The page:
Roundabouts: A how-to
Motorists approaching a roundabout must yield to traffic circulating within the intersection, entering only when there is a sufficient gap between vehicles. A right-turn signal should be displayed prior to exiting the roundabout.
Where applicable, islands allow pedestrians to move in gradual steps along roundabout crosswalks, encountering one direction of traffic at a time.
Bicyclists have the option of moving through the roundabout along with motor vehicles or walking their bikes along the pedestrian crosswalks.
To view an instructional video, visit penndot.gov and enter “roundabouts” in the search bar.
Driving in circles is the new way for motorists to navigate a growing number of intersections on Pennsylvania roadways, including the area in Unity where Monastery Drive and St. Vincent Drive meet near the entrance to St. Vincent College.
It’s among 32 modern “roundabouts” already in use in the state, which PennDOT says have improved the flow of traffic by replacing stop signs and traffic lights with yielding movements, and have increased safety by eliminating left turns and cross-traffic.
But those benefits can be realized only if motorists know how to move safely and surely, counter-clockwise, through the uncommon circular intersections — prompting PennDOT to release an instructional video showing the proper way for vehicles, bicycles and pedestrians to pass through a roundabout.
Spokeswoman Jan Huzvar acknowledged Wednesday that PennDOT has met resistance from citizens to some of its planned roundabouts.
“They just need to be taught how to navigate them,” she said. “The key is to slow down and yield.”
Proponents say roundabouts also increase safety for pedestrians and bicyclists because they need look in only one direction at a time for oncoming vehicular traffic, which should be slow-moving. In Pennsylvania and other states, some have raised concerns that roundabouts, while reducing the most serious accidents, may trigger an increase in fender-benders.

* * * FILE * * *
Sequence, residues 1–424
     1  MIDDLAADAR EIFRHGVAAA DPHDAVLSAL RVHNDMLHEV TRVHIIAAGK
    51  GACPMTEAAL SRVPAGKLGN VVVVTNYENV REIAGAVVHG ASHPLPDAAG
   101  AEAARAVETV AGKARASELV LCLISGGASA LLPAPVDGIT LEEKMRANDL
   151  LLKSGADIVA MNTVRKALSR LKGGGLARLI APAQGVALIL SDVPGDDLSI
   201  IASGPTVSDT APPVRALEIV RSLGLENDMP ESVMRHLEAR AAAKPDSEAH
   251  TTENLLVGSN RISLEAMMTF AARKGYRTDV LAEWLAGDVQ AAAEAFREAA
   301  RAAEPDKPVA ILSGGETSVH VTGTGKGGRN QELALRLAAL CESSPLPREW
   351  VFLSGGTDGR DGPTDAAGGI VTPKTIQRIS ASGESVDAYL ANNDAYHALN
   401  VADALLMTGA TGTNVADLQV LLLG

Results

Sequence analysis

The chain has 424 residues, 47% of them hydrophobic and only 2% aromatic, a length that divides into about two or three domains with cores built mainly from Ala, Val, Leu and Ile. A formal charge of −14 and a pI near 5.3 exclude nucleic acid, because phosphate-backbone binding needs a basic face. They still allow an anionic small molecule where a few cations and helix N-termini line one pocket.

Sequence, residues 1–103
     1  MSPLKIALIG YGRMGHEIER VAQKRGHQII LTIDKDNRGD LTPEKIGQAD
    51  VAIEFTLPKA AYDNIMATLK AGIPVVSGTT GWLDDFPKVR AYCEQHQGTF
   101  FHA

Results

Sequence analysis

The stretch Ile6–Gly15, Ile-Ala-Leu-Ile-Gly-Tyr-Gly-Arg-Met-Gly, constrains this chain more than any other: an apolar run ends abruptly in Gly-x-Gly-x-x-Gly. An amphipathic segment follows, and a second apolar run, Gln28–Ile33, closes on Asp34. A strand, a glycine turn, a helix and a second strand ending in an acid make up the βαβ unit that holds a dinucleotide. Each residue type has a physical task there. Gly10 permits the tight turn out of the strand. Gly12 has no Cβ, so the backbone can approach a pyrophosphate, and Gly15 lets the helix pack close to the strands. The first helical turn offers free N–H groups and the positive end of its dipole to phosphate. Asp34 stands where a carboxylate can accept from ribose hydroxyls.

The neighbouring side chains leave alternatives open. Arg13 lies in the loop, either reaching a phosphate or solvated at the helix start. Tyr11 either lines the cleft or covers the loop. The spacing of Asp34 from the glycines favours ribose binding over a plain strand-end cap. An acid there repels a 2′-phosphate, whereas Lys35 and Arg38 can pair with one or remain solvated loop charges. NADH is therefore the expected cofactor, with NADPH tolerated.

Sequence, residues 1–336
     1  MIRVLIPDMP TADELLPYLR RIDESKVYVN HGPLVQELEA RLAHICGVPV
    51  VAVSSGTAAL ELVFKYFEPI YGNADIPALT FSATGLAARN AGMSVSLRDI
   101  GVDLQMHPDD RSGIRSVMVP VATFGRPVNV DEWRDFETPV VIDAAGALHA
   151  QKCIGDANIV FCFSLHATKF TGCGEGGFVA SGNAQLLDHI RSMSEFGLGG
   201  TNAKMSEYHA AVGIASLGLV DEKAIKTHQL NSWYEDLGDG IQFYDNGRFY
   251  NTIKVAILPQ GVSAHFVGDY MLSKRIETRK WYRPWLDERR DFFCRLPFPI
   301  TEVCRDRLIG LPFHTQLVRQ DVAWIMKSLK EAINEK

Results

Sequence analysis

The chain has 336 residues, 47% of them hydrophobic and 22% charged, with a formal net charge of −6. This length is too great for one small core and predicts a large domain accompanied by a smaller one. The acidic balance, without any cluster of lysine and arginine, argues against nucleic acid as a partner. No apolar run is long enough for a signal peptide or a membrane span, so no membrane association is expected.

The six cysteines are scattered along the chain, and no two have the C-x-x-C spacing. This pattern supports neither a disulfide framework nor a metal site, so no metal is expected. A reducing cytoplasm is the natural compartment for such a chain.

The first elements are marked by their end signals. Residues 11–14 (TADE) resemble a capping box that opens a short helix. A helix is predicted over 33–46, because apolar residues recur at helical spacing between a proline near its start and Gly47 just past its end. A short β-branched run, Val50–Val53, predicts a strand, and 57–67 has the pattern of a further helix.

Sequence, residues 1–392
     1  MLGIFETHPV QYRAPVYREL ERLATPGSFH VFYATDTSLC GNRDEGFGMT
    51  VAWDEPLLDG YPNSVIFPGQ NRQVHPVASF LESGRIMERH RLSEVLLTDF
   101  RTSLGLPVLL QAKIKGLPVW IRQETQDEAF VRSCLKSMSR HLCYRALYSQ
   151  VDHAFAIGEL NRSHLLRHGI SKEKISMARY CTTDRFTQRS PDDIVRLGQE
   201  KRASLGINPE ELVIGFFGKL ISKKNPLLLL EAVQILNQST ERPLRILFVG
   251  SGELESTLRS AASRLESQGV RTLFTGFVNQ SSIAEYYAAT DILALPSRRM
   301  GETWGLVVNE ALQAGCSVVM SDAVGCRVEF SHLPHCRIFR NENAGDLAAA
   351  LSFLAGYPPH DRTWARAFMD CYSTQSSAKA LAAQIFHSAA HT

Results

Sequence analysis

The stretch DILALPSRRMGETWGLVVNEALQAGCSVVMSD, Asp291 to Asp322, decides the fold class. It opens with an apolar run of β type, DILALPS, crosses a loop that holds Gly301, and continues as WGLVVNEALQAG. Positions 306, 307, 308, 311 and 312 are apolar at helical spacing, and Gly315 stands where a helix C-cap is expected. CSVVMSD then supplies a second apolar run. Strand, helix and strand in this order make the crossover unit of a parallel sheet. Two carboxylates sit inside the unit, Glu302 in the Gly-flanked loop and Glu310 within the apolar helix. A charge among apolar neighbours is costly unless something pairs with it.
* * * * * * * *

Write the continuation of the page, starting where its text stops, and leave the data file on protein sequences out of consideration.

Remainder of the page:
According to PennDOT, a study of the first 10 roundabouts introduced in Pennsylvania beginning in 2005, based on three years of traffic data from before and after installation, showed that total crashes dropped by 16 percent (from 63 to 53) while fatal crashes and crashes with serious injuries were reduced to zero, from two and four, respectively.
Crashes with minor injuries declined by 25 percent (from 16 to 12), but wrecks involving only property damage increased by nearly 15 percent (from 34 to 39), the study indicated.
The latter statistic, according to Huzvar, is common for roundabouts, “especially when installed in areas where people are not familiar with them. As they become more prevalent and people get more familiar with them, the number of crashes is expected to decline.”
The St. Vincent roundabout has been in use since 2009. Thirty others are being built or are expected to be under construction over the next two years — including three single-lane roundabouts that are nearing completion in conjunction with the widening of Interstate 70 in New Stanton and another in Unity that is set to take shape beginning this spring — on Route 981 near Arnold Palmer Regional Airport. Those roundabouts won’t include pedestrian crossings.
Project manager Jeff Miller said the New Stanton roundabouts — a pair that will connect I-70 to side streets and another connecting with an extension of Bair Boulevard — are expected to be ready for traffic by February and will be used as a bypass when the Center Avenue bridge over the interstate is closed to traffic this spring.
The new Unity roundabout will bring together Route 981, the airport entrance and a new connector to Charles Houck Road and will be used by local residents as a turn-around later this year when traffic is restricted for reconstruction of 981, project manager Troy Pritts said.
Looking at a pair of more elaborate two-lane roundabouts installed in Washington state, the Insurance Institute for Highway Safety reported in 2013 that the rate of crashes with injuries was at least 34 percent lower than the expected number if traditional intersections had been maintained. But the rate of accidents without injuries was 13 percent higher at one roundabout and 600 percent higher at the other.
Nevertheless, a survey by the institute suggests familiarity breeds content with roundabouts. The portion of surveyed drivers in favor of a roundabout increased from 31 percent before construction to 63 percent after installation, while those strongly opposed dropped from 41 percent to just 15 percent.
Jeff Himler is a Tribune-Review staff writer. Reach him at 724-836-6622 or firstname.lastname@example.org.